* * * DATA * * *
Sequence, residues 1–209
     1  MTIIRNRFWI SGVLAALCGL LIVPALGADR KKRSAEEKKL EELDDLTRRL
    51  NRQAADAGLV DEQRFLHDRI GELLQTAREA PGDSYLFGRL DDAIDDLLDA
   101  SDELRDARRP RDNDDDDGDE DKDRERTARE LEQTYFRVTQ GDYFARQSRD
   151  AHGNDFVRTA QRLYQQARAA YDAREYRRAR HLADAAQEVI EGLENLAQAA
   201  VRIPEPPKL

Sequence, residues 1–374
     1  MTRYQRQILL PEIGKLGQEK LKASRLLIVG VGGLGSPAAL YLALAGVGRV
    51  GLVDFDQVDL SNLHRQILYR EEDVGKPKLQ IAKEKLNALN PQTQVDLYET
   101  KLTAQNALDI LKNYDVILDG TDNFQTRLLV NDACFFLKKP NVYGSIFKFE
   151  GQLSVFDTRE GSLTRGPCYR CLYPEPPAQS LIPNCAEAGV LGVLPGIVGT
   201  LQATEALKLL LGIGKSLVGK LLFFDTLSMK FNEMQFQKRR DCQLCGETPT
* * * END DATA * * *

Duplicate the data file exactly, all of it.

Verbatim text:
Sequence, residues 1–209
     1  MTIIRNRFWI SGVLAALCGL LIVPALGADR KKRSAEEKKL EELDDLTRRL
    51  NRQAADAGLV DEQRFLHDRI GELLQTAREA PGDSYLFGRL DDAIDDLLDA
   101  SDELRDARRP RDNDDDDGDE DKDRERTARE LEQTYFRVTQ GDYFARQSRD
   151  AHGNDFVRTA QRLYQQARAA YDAREYRRAR HLADAAQEVI EGLENLAQAA
   201  VRIPEPPKL

Sequence, residues 1–374
     1  MTRYQRQILL PEIGKLGQEK LKASRLLIVG VGGLGSPAAL YLALAGVGRV
    51  GLVDFDQVDL SNLHRQILYR EEDVGKPKLQ IAKEKLNALN PQTQVDLYET
   101  KLTAQNALDI LKNYDVILDG TDNFQTRLLV NDACFFLKKP NVYGSIFKFE
   151  GQLSVFDTRE GSLTRGPCYR CLYPEPPAQS LIPNCAEAGV LGVLPGIVGT
   201  LQATEALKLL LGIGKSLVGK LLFFDTLSMK FNEMQFQKRR DCQLCGETPT